The release late last year of Brad Thomas Parsons’ book Amaro bodes well for the future of these drinks. Parsons has a great knack for timing: his first book, Bitters, came out just in time to chronicle the explosion of new brands of cocktail bitters, and soon became an essential resource for both professional bartenders and amateur cocktail nerds. Amaro looks set to repeat this feat – it’s already in its second printing – and will no doubt introduce drinkers around the world to a number of products beyond the well-known heavyweights of the category.

In 2017, we can expect to see more amari make it out of Italy and on to the shelves of your local boutique liquor store, as well as brands that will relaunch and revitalise themselves. My hope is that, beyond more products on the shelves, we also start to see more awareness of the different subtypes of amari, and start to develop a broader taxonomy of these drinks. I also hope we see more awareness of amaro-like drinks coming out of countries other than Italy – a new appreciation for French amers and German kräuterlikörs, as well as an understanding of what makes them different to amari.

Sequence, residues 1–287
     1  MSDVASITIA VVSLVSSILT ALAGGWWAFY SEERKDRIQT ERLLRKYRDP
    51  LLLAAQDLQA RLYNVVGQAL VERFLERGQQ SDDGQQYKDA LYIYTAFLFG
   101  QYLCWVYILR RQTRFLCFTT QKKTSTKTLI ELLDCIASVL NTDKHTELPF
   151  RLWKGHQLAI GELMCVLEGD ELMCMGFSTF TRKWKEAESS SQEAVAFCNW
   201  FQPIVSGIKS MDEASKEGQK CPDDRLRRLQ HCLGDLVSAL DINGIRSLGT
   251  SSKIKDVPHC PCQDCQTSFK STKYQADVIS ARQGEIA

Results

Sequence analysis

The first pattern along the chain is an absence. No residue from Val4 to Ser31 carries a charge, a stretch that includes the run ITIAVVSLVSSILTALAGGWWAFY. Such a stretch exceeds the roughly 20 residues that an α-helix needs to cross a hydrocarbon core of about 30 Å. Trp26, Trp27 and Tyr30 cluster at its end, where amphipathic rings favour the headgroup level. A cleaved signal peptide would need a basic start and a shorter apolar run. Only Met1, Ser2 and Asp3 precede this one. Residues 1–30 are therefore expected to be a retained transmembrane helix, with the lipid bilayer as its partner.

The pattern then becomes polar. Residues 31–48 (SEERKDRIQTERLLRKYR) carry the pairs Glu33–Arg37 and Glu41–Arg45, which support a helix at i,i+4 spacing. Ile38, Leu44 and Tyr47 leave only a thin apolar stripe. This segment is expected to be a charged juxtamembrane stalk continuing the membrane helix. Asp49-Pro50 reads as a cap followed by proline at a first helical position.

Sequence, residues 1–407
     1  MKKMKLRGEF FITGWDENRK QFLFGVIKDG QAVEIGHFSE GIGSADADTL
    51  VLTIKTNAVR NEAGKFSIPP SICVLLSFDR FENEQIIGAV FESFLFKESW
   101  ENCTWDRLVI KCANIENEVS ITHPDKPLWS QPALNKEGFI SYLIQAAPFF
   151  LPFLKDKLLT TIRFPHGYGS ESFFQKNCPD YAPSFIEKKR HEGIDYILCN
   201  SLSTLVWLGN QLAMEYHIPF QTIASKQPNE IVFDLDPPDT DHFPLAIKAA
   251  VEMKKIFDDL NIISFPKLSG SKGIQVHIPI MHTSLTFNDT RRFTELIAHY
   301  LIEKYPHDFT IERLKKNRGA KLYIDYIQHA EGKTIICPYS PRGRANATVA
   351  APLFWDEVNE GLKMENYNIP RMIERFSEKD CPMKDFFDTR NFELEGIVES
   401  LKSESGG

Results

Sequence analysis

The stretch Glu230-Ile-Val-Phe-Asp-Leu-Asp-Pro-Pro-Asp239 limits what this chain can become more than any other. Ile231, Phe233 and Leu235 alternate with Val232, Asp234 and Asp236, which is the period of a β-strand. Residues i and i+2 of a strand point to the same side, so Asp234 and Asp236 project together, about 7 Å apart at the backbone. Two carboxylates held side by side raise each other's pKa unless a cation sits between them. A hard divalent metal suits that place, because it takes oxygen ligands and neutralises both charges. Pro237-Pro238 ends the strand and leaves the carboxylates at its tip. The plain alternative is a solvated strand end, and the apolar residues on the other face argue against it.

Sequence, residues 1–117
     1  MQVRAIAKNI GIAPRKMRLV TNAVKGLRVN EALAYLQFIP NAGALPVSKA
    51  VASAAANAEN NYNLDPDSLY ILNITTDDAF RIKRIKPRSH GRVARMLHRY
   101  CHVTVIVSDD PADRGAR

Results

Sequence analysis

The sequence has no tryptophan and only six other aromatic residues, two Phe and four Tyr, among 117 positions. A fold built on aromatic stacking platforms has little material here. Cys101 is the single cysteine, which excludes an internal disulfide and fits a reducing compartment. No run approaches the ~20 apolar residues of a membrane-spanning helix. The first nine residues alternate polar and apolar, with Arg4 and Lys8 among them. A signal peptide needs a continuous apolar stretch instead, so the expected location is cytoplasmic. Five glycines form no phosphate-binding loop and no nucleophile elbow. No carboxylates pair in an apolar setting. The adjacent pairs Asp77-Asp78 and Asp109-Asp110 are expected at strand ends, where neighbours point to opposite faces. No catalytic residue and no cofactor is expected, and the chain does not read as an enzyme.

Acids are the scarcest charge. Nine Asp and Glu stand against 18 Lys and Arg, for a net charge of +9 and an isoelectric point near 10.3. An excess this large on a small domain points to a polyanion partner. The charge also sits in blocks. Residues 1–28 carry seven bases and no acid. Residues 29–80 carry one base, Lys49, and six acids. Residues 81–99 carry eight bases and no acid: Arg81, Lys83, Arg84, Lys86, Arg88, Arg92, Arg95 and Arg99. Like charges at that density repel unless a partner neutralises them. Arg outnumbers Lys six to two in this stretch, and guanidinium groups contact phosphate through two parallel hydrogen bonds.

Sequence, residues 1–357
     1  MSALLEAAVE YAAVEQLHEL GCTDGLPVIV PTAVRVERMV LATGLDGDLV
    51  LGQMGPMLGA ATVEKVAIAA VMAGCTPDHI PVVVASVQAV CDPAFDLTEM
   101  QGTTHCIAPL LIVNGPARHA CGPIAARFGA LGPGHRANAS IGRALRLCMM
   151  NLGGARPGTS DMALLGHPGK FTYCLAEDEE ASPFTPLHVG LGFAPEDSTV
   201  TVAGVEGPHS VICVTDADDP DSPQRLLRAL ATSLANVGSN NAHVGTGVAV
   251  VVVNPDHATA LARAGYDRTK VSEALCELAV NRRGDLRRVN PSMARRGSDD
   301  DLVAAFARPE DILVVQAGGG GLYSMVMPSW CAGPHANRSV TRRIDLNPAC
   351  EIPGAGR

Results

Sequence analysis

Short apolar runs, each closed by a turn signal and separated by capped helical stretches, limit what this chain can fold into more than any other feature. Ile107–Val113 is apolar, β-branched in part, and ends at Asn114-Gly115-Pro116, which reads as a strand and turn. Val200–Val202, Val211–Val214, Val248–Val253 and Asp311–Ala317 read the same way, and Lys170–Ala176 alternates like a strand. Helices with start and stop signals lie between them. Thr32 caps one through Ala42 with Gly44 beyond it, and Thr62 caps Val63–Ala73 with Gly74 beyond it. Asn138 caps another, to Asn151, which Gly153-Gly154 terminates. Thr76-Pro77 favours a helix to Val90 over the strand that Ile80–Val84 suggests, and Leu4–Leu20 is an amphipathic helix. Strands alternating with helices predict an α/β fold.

An Aperol spritz cocktail
Amari: more than just the Aperol spritz. Photograph: Alamy Stock Photo

The paper plane cocktail, invented by Melbourne-born, NYC-based bartender Sam Ross, is a great place to start exploring the joys of amari – it features not one but two different amari, and is dangerously easy to drink.

Make it at home: paper plane

22.5ml Amaro Nonino
22.5ml Aperol
22.5ml bourbon whiskey